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I've auditioned several times. It might be my TR you're referring to.
I've never actually made it backstage, but here's what we experienced.
You go to the audition area, which is directly across from the Sci Fi Dine In. The CMs there have a list of songs to choose from. If you are over 14, but under 18, you must have an adult with you (doesn't have to be a parent, just an adult).
You take the list and go up to a doorway (I've only waited maybe 5 minutes max to get in the door), then once inside they show you a video of Ryan Seacrest who encourages you to "enjoy the AI Experience).
Then you go stand outside an audition room to wait for an open CM. Each audition is inside a small room. The CM is sitting behind a desk, and there's one upright chair in the corner. The CM will chat with you a little bit, asking about your musical experience, etc. They then ask you to sing about a 30 second clip of any song you like. The only requirement is that it can't be an original song (i.e. one that's unpublished). Everything in this room is done without accompaniment, just your voice.
If they like what you've done, they'll ask you to pick out something from the song sheet. In some cases, they will hand you a word sheet and give you the starting note. They also have audio clips of the recording if you ask them.
If you do well at this point, they ask you something like "are you going to be here most of the day? Do you have time to meet with our producers?" In that area, you're given an IPod track of the song you've chosen, and given time to practice before you meet the producer. That's in the open area outside the casting rooms, so you'll hear people doing this while you're waiting for your audition. The director's audition is done with a vocal track.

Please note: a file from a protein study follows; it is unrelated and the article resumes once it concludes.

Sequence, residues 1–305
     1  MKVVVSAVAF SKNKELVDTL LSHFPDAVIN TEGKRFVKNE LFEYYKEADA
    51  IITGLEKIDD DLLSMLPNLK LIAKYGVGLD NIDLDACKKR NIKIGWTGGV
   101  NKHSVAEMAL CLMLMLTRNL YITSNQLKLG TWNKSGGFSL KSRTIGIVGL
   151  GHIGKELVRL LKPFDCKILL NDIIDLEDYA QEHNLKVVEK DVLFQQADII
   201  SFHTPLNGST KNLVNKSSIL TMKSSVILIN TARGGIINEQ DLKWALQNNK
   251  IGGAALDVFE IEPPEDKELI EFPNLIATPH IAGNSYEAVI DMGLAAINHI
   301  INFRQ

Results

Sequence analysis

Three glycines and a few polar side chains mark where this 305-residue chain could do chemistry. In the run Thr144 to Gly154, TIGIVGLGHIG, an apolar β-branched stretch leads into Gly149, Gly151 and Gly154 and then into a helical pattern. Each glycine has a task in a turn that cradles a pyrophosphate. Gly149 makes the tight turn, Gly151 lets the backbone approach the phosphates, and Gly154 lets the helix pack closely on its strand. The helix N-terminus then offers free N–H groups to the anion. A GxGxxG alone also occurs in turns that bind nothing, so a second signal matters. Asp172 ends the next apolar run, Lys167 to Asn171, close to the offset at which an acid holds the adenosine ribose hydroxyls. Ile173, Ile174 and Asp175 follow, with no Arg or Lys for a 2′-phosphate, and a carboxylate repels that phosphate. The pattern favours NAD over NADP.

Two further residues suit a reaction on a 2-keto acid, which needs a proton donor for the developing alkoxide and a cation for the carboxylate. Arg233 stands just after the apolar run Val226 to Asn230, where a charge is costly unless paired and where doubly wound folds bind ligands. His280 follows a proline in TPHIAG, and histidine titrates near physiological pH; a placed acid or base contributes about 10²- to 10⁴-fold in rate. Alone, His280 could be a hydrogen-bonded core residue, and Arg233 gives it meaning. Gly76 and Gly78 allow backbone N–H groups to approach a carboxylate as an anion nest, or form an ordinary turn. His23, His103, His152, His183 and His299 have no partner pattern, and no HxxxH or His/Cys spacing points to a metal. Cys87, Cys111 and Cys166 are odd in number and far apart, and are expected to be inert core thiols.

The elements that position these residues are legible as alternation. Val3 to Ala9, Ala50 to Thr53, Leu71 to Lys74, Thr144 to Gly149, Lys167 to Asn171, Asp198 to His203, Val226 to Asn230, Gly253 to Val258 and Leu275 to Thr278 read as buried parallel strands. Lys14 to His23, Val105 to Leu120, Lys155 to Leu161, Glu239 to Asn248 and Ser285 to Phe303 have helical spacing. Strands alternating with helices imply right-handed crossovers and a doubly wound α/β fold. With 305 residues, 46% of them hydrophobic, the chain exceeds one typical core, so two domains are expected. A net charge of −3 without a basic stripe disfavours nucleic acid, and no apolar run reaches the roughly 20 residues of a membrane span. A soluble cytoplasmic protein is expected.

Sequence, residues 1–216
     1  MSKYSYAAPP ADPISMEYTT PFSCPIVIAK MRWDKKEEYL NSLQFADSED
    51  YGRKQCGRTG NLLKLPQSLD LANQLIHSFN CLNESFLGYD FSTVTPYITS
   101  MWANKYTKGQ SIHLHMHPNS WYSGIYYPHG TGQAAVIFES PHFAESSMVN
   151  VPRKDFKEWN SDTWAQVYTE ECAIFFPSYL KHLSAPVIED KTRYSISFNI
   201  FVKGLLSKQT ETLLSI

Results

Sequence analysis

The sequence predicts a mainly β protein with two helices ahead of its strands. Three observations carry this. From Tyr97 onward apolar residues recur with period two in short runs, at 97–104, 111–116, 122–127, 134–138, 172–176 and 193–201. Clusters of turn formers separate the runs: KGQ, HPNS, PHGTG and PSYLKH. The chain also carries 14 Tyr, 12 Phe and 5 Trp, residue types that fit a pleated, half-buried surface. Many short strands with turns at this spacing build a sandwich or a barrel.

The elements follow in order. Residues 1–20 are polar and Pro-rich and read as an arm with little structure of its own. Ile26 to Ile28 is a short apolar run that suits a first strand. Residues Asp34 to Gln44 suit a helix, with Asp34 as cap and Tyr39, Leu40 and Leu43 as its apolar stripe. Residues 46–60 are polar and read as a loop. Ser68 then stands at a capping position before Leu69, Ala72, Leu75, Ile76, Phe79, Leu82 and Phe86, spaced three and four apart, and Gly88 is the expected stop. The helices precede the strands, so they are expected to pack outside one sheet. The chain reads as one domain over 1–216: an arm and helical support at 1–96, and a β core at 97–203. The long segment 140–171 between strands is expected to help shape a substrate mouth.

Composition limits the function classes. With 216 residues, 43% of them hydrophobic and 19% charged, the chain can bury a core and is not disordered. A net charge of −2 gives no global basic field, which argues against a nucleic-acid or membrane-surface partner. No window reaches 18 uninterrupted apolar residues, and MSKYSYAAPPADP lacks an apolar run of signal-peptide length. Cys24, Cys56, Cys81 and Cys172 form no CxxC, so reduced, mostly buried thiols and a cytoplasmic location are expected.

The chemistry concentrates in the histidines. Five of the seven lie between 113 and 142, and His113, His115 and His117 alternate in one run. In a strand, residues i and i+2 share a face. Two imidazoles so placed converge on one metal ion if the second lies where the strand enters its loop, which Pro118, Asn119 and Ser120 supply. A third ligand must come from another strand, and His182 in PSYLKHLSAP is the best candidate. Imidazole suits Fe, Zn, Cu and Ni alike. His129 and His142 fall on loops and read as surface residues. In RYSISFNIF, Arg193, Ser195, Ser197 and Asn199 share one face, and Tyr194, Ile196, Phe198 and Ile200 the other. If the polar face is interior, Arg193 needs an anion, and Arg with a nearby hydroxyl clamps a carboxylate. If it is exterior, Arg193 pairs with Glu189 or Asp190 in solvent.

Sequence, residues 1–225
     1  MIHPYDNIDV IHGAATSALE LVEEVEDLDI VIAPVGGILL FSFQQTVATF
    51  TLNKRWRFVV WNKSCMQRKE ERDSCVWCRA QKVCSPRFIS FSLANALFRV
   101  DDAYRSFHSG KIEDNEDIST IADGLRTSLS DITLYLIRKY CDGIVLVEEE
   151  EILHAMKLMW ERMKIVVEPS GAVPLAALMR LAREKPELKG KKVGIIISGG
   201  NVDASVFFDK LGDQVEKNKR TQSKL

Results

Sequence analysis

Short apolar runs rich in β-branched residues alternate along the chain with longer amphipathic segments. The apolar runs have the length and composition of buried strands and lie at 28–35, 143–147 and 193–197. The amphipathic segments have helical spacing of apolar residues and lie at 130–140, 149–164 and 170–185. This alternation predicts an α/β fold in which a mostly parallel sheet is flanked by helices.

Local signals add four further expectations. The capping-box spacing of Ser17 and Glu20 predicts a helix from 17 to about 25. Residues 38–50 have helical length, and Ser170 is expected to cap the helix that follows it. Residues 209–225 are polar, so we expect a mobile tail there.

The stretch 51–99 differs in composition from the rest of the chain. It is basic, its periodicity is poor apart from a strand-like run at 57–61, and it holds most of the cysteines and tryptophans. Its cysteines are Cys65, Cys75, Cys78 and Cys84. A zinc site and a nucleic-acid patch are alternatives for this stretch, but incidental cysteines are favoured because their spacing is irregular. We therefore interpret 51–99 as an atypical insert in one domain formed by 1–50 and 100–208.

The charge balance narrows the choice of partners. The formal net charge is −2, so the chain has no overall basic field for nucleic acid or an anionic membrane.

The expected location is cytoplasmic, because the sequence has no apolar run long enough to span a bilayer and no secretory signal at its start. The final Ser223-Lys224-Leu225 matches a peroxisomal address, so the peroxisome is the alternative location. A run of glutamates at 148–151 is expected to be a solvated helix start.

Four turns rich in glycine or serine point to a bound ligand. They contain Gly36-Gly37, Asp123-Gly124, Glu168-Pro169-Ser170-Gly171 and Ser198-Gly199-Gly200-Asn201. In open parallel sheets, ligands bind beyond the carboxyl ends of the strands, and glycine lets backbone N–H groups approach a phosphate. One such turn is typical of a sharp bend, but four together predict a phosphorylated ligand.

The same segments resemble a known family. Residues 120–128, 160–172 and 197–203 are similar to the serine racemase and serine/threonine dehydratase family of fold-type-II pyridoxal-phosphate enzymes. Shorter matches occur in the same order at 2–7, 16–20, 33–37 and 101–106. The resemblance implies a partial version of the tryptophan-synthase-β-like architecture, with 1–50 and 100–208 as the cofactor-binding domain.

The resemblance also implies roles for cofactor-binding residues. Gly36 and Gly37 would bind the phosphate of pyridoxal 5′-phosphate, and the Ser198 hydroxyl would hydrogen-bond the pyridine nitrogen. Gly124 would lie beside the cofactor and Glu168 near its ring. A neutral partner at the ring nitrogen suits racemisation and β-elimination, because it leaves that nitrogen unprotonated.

At the point where they decide you don't make it, they'll give you constructive feedback on your performance. Examples I've heard include: You need to work on projecting in your "head voice" range so it matches your "chest voice". You need to show more vocal range (i.e. high to low) in your audition song. You have a beautiful choir voice, but it's not a pop sound. My son has been told to develop a bit more confidence, to avoid singing through his nose (unless it's a country song), that he has a good sense of the rhythm, but needs to stay on pitch. My DD has been told that she changes key in mid-song (which she does, especially without accompaniment).
The very first time we auditioned, I was asked to see the producer (which is why I know how they phrase it), but we had other people with us so I passed. Since then, I haven't made the cut,but I've learned something each time. I'm never going to be on that stage, but I'd like to at least get to the producer to see how that works.
The best odds are early in the morning. They want to fill up those early shows, and there aren't that many people coming into the auditions early enough for the 11:00 show. If you audition after about noon, unless you are a soloist quality singer you probably won't make it. You can see the difference if you watch different shows throughout the day. By the time you get to the 6:00 show (the one before the finale), all the contestants are pretty good.
Good luck and enjoy the "AMERICAN IDOL EXPERIENCE!"
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